TIME TO DISCUSS CALENDARS
A recent project was to make a medieval calendar (based in general on the Julius Work Calendar). Certainly not an exact replica, but close enough to the original to confuse anyone on the street today. While I had a passing familiarity with medieval calendars, I had to do a lot more research to obtain what I needed!
People of the Middle Ages experienced calendars very differently than we do today. They were religious guides, and they were not used by lay people. Especially important dates or feasts were written in red, thus the term “Red Letter Day.”
Four columns were commonly found on most calendars, but more columns were used from calendar to calendar. One containing roman numerals was used to determine the phases of the moon, Easter and associated holidays. Another repeated the letters A thru G which were used to determine the day of the week A stood for Sunday, B for Monday and so on. Instead of dividing the month into weeks as we do, the month was divided into three unequal segments called Kalens, Nones and Ides.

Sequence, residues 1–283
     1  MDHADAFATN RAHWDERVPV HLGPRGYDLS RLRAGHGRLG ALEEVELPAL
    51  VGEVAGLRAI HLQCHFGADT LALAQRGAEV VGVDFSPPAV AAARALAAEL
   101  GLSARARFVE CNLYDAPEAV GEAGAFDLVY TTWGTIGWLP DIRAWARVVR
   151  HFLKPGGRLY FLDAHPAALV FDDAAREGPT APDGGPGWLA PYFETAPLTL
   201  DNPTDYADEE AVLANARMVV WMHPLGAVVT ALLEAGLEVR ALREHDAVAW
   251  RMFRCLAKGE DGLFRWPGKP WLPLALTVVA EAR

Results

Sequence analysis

In period calendars, the first column contained the Golden Numbers. These were the phases of the Moon from what remained as a lunar calendar, to help determine Easter, using other charts to help determine this.
Actually, there were sometimes many more columns, denoting referenced to various tables that helped to calculate Easter and other ecclesiastical matters.
This column was the day of the week. Sundays were important and so were red.
These indicated what “week” was portrayed. Instead of dividing the month into four weeks, the month was divided into three segments, and Kalends, Nones and Ides were used to show the reader where he was in time.
These are the days of the month. Months had the same number of days as in our current system, but they were not numbered sequentially from 1 to 28, 29, 30 or 31. Instead, they counted backwards to indicate the names before the next nones, ides or kalends. Kalends was the first day of the month; nones fell either on the sixth day, and ides came eight days after nones.
Saints and festivals commemorated on this day. So-called Floating Feasts, based on the lunar rather than the solar calendar have not been included in thecalendar but may be, like the days of the week, insered by you if so desired.